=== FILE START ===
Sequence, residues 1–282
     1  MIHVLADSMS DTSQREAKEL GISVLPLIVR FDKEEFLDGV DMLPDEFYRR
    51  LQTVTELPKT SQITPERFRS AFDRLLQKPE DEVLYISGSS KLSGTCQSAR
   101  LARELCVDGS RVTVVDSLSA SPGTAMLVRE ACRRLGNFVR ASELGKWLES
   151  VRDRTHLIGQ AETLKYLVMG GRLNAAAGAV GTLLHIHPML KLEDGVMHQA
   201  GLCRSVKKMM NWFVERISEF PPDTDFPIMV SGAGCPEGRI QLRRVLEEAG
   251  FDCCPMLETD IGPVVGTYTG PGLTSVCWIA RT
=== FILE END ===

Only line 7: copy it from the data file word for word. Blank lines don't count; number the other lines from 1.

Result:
   251  FDCCPMLETD IGPVVGTYTG PGLTSVCWIA RT